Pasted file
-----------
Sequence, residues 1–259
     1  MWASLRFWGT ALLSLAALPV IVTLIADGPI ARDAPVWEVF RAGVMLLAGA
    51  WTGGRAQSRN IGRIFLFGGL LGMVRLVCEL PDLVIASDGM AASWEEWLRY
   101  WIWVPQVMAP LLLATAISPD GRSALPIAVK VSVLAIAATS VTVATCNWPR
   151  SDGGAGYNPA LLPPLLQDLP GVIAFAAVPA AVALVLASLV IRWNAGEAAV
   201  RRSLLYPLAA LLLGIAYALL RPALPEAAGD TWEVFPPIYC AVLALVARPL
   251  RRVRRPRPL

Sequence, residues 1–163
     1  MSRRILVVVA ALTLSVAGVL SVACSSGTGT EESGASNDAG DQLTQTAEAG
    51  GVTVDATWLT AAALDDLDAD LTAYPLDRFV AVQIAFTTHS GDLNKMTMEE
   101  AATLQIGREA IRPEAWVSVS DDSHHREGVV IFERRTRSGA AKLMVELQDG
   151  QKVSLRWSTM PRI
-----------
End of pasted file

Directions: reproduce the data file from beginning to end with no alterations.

Sequence, residues 1–259
     1  MWASLRFWGT ALLSLAALPV IVTLIADGPI ARDAPVWEVF RAGVMLLAGA
    51  WTGGRAQSRN IGRIFLFGGL LGMVRLVCEL PDLVIASDGM AASWEEWLRY
   101  WIWVPQVMAP LLLATAISPD GRSALPIAVK VSVLAIAATS VTVATCNWPR
   151  SDGGAGYNPA LLPPLLQDLP GVIAFAAVPA AVALVLASLV IRWNAGEAAV
   201  RRSLLYPLAA LLLGIAYALL RPALPEAAGD TWEVFPPIYC AVLALVARPL
   251  RRVRRPRPL

Sequence, residues 1–163
     1  MSRRILVVVA ALTLSVAGVL SVACSSGTGT EESGASNDAG DQLTQTAEAG
    51  GVTVDATWLT AAALDDLDAD LTAYPLDRFV AVQIAFTTHS GDLNKMTMEE
   101  AATLQIGREA IRPEAWVSVS DDSHHREGVV IFERRTRSGA AKLMVELQDG
   151  QKVSLRWSTM PRI